Post by Horace » Sat Apr 16, 2016 4:40 pm

odd - never thought of looking at this that way - converting time to length. But using this to describe time is the same as saying duration doesn't describe how the object changed its location. If an object moves to a new position in 3d space and takes 1 second to do so we can't just say it took so many meters to do so because that tells nothing about how fast or slow it moved got there or is continuing to move. What am i missing?
What if the empty space, that you are accustomed to thinking as separation between objects, does not really exist?

In other words: The space that makes up 2 protons really exists, but the space that makes up separation between them does not ...and if their spatial separation were increased, then the amount of computer storage needed to represent such system of two protons, would not increase proportionally to the spatial distance between them.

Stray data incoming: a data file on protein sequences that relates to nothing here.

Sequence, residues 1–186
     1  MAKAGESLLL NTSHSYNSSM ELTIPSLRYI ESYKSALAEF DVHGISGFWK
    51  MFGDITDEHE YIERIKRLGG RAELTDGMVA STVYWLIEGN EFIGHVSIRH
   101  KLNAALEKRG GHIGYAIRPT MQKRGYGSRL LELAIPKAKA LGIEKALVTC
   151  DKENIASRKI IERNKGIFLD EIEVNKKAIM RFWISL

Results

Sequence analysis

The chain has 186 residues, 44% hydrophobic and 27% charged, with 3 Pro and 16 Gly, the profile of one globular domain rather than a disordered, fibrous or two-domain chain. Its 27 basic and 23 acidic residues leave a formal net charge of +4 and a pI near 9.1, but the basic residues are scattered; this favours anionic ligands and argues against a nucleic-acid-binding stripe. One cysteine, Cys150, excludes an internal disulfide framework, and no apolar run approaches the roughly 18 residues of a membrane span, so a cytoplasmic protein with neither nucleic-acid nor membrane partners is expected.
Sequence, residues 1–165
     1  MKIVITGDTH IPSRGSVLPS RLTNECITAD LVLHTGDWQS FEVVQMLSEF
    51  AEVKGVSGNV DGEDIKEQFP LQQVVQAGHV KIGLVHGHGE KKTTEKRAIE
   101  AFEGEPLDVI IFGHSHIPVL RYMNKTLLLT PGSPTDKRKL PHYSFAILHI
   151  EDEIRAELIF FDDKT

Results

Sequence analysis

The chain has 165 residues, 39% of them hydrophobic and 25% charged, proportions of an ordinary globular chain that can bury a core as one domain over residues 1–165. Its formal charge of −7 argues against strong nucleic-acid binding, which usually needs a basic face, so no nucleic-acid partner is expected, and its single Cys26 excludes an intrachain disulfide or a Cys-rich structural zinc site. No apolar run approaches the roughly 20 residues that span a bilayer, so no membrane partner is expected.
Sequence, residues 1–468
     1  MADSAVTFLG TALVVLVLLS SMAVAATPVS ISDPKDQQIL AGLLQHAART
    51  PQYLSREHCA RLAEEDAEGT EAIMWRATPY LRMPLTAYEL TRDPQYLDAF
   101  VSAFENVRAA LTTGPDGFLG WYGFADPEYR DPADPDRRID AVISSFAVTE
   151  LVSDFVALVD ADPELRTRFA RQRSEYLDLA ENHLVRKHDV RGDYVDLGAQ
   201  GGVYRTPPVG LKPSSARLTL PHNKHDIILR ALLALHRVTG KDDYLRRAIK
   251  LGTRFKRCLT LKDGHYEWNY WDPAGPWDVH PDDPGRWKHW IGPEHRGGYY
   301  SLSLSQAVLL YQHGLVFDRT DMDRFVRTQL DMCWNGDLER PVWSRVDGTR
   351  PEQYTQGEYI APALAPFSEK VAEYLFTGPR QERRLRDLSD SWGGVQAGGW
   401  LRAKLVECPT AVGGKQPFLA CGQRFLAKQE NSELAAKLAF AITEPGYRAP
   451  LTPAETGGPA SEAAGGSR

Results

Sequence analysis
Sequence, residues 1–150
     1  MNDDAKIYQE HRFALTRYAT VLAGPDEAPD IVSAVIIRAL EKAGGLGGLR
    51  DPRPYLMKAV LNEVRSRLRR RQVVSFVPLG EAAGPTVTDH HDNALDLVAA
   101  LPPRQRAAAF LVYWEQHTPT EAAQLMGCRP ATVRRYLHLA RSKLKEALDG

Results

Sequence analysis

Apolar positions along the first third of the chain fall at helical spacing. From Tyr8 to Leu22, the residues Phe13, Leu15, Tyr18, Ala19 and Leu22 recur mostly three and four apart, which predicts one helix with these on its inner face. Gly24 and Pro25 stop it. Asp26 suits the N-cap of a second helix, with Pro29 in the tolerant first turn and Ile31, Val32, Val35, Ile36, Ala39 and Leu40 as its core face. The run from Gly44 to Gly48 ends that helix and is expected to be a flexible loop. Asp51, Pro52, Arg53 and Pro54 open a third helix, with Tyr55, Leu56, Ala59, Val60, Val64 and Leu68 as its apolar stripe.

You can draw the same conclusions about time and the amount of motion needed to represent two separated protons ...or two anti-protons.

jpkira
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space between doe not exist?

Post by jpkira » Mon Apr 18, 2016 3:30 pm

That makes no practical sense whatever. Objects have space between them. No theory can change that. Time is how we post changes and mark before and after. no theory can change that. Sure the result is they at different spatial points but that tells me nothing about what make our universe real [or exist at all!]- motion!

Horace
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That makes no practical sense

Post by Horace » Mon Apr 18, 2016 6:07 pm

That makes no practical sense whatever. Objects have space between them.
But how do you know that space is really there, without light or other motion traveling the distance?